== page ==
settlements, however, resulted
in conflicts over land. The
bows and arrows of the Indians
were no match for the bullets
of the white settlers.
U.S. policy toward Native
Americans has been
consistently oppressiv nirn h
Revolution to the present.
1828 and the Presidency of
Andrew Jackson marked the
beginning of a tragic era for
Native Americans. Jackson's
goal was the removal of eastern
Indian nations to the west,
which established a pattern of
forcible relocation of the
nations, reduction of Indian
broken teaties.a Thediscovery
of gold in California in 1848
and the westward migration of
thousands of settlers sparked
relentless military campaigns
against the Indians and the
further loss of Indian land.
1871 marked the era of
consolidation of U.S. control
over Indian affairs. The
government ceased making
treaties and began to handle
matters by passing legislation
on matters concerning Indians.
The 1887 General Allotment
reservation land to idividual
Indians, proved a disaster. This
attempt to destroy the Indians'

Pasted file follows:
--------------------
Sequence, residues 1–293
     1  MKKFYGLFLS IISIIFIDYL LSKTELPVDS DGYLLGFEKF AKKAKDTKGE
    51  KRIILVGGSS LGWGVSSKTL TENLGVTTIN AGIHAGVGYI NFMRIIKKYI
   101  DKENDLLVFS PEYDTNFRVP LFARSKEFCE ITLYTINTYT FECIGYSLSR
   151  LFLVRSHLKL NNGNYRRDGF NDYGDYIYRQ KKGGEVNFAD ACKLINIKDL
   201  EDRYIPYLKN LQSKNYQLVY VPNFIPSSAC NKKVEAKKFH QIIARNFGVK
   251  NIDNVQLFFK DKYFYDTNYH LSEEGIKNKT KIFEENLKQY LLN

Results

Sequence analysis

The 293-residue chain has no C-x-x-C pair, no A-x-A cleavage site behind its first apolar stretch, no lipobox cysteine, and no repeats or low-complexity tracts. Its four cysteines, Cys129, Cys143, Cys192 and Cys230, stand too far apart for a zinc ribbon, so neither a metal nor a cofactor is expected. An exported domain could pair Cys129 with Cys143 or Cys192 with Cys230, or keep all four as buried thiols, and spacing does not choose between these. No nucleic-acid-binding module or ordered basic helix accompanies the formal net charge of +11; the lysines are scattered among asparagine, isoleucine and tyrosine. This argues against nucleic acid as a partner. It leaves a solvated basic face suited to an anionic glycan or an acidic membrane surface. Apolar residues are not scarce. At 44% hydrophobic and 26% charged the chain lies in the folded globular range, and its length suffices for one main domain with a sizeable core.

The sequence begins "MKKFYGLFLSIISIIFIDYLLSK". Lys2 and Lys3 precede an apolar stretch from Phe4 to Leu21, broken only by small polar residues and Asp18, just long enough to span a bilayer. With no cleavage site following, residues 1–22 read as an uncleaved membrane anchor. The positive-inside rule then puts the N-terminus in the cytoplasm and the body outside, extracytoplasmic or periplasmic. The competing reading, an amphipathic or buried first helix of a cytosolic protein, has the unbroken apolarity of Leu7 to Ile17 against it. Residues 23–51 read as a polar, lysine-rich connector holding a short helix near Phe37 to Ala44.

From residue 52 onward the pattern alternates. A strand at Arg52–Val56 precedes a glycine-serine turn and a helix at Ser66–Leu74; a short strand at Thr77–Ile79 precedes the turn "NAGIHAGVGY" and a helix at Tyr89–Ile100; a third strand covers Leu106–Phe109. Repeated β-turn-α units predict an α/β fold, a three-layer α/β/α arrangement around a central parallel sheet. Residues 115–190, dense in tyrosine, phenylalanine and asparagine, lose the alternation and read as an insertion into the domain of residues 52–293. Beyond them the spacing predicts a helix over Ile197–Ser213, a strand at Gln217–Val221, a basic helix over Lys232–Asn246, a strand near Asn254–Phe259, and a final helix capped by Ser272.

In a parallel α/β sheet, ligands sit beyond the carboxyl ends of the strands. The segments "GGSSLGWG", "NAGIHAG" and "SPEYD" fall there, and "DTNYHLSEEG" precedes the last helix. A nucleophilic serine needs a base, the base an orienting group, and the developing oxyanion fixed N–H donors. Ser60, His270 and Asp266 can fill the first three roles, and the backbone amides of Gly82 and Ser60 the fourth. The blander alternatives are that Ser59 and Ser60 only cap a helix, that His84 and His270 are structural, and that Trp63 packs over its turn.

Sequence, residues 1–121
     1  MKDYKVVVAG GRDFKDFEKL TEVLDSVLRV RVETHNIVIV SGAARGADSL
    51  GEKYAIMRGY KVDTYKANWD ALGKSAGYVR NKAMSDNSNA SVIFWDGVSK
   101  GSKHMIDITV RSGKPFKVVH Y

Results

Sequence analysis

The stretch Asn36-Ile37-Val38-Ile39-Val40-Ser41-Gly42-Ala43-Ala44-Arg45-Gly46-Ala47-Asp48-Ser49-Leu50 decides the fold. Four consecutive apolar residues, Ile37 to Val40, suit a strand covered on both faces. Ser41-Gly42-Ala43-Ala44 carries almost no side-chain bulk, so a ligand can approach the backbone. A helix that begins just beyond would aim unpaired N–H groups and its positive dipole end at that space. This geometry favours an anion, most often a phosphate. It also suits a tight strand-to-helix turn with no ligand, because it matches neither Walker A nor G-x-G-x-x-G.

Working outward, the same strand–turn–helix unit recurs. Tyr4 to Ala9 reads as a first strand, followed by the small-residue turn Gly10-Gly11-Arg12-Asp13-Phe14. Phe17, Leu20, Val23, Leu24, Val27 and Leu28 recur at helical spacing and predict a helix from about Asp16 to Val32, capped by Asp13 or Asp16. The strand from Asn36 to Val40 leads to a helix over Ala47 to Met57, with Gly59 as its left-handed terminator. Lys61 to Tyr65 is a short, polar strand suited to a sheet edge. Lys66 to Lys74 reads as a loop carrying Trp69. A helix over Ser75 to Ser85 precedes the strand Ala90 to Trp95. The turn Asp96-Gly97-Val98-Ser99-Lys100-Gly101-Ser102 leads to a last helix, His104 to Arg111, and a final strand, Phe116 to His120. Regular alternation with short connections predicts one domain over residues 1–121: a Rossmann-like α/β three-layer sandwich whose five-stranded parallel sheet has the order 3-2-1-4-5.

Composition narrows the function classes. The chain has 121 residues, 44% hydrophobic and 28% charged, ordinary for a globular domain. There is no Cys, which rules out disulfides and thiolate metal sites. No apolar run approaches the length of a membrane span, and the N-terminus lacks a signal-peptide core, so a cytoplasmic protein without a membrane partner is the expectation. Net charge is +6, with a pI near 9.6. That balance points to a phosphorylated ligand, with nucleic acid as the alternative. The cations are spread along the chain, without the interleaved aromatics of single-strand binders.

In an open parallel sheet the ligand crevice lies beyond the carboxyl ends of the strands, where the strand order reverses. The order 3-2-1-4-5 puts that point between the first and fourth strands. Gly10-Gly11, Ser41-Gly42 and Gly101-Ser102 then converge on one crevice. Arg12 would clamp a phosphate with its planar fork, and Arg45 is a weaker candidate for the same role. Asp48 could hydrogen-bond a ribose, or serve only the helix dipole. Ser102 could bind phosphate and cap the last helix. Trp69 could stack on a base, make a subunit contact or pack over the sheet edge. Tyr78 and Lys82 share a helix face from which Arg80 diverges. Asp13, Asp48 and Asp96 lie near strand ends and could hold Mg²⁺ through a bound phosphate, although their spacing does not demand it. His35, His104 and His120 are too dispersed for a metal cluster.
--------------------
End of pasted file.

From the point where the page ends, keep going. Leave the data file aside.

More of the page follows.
communal lifestyle and to force

the 1950's, under the policy of
"termination." -Over 100
nations were forced to dissolve
their governments and to
distribute land and property
among their members.
,At present, 72% of Native
Americans live on reservation
their original land), much of
which is polluted and
undesirable. On these
r eser va t i ons, th e
unemployment rate often
exceeds 50% and alcoholism
runs rampant. The U.S.
government is currentty
engaged in several more
attempts to further marginalize
tis opressedsgroup ofg
involves the Dineh (Navajo)
people of Big Mountain,
Arizona, who are facing the
threat of dislocation from their
ancestral homelands. The
reason: corporate interests in
the coal and unranium which
have been discovered beneath
the surface of this land. Big
Mountain people vow to fight
this relocation to the death, if
necessary.
In the words of an
anonymous Indian: "They
made us many promises, more
than I can remember, but they
never kept but one; they
promised to take our land, and
they took it." It's too late to
change history, but we cang
learn from history and work to
correct our present mistakes.
This Thanksgiving is a good
time to reflect upon the past
and to express our solidarity
with the struggle of the Big
idigenous peoples.anIt'so tie
to change the course of history
so we don't further shame
ourselves while destroyingj